Employees will sacrifice a pay raise for better benefits
As employees are looking for greater financial security, they are increasingly willing to sacrifice additional pay in exchange for more generous retirement, healthcare and paid time off benefits, according to a new Willis Towers Watson survey.
Half of employees would rather receive more substantial benefits and time off to additional pay or bonuses, the new Global Benefits Attitudes Survey found. Fifty-seven percent said their benefit package is more important to them than ever before, and 67% are willing to pay more from their paychecks each month for more comprehensive retirement benefits. More than four in 10 workers, or 42%, would sacrifice additional pay each month for a more expansive health benefit plan, a sharp increase from 27% in 2013.
“Many [employees] are struggling with financial and health related issues,” says Jennifer DeMeo, senior director of retirement at Willis Towers Watson. “They're turning to their employers and their benefit programs to help them deal with those issues and achieve a better sense of overall well-being.”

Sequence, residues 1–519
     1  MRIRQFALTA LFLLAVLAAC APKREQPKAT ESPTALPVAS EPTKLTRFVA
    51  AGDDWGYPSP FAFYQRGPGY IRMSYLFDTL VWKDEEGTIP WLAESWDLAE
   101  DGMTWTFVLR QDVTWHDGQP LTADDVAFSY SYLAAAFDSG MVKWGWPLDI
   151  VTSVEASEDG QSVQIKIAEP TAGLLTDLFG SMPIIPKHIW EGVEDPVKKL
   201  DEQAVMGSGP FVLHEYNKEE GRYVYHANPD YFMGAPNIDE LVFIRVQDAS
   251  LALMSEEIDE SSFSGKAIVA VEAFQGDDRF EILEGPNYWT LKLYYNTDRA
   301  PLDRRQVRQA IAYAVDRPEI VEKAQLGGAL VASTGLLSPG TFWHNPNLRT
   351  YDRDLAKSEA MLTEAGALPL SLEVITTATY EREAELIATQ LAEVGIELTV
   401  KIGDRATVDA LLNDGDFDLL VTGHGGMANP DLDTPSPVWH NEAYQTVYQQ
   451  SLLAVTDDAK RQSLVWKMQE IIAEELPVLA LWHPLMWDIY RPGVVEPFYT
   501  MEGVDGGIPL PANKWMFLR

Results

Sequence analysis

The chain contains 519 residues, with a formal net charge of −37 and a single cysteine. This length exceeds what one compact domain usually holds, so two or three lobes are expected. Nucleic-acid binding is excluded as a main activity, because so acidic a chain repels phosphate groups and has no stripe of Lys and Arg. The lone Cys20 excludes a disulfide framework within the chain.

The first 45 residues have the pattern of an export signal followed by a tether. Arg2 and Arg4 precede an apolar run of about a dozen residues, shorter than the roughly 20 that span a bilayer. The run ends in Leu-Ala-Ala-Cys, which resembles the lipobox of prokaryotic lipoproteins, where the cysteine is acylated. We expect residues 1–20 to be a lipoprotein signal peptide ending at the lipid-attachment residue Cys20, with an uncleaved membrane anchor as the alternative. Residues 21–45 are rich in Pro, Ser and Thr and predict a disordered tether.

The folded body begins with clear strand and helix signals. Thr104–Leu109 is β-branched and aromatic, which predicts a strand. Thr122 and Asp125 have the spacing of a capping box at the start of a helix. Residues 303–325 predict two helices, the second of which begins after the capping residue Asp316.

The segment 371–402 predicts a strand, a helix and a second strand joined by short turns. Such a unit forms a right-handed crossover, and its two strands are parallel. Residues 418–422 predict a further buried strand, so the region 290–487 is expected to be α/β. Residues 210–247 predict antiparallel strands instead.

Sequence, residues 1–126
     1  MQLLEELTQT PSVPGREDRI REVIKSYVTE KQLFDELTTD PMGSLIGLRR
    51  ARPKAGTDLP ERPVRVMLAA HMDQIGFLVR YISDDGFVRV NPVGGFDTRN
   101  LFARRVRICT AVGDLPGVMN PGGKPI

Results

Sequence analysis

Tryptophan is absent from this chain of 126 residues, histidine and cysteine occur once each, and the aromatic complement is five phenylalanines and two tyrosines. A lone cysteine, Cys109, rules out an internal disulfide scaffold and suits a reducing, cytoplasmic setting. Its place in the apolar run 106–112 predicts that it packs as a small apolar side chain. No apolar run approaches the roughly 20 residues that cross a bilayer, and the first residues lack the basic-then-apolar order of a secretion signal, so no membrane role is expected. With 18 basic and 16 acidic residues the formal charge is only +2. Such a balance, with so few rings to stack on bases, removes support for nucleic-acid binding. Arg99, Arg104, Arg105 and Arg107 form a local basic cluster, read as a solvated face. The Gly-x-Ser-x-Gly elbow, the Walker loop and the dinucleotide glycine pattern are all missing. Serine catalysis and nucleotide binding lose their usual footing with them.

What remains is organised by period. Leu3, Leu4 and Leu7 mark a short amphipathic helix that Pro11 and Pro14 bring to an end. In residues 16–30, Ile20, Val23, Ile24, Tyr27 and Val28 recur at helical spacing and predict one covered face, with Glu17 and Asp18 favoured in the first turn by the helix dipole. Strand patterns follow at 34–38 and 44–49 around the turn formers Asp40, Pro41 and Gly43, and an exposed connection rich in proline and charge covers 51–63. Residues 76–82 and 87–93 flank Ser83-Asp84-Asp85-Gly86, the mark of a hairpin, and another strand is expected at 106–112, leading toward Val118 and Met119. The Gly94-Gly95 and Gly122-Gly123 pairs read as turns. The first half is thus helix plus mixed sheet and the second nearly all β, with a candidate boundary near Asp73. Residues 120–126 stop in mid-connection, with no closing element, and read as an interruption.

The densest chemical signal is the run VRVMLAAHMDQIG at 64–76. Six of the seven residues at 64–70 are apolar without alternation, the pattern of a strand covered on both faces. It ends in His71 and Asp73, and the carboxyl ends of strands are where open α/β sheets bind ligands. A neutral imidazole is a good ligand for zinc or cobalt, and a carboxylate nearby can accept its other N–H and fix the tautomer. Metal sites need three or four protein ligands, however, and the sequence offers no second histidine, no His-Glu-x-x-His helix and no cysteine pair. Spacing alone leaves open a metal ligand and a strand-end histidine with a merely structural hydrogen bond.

Employers have been working to expand their voluntary benefits to meet the demands of a diverse workplace. According to a 2019 Willis Towers Watson survey, 79% of companies offer voluntary benefits that address issues regarding financial, mental and emotional health.
Of those surveyed by Willis Towers Watson, there are some generational differences. Half of Generation Z employees ranked more pay as their highest priority, while only 35% had more generous benefits as a top priority. Forty-two percent of baby boomers however listed benefits as their top priority.
While employees are looking to their employer for providing important benefits, they often have a lack of resources available to them. Only 40% of employees feel their employer provides resources to support their health and wellbeing. Even fewer (32%) say they are provided resources to help manage their finances.
“Employers can help employees by offering education, communication and decision-support tools,” DeMeo says. “This approach not only leads employees to make more informed benefit decisions but also boosts their financial wellbeing. Employers have the opportunity to better communicate with employees to provide tools and engage them in their benefits.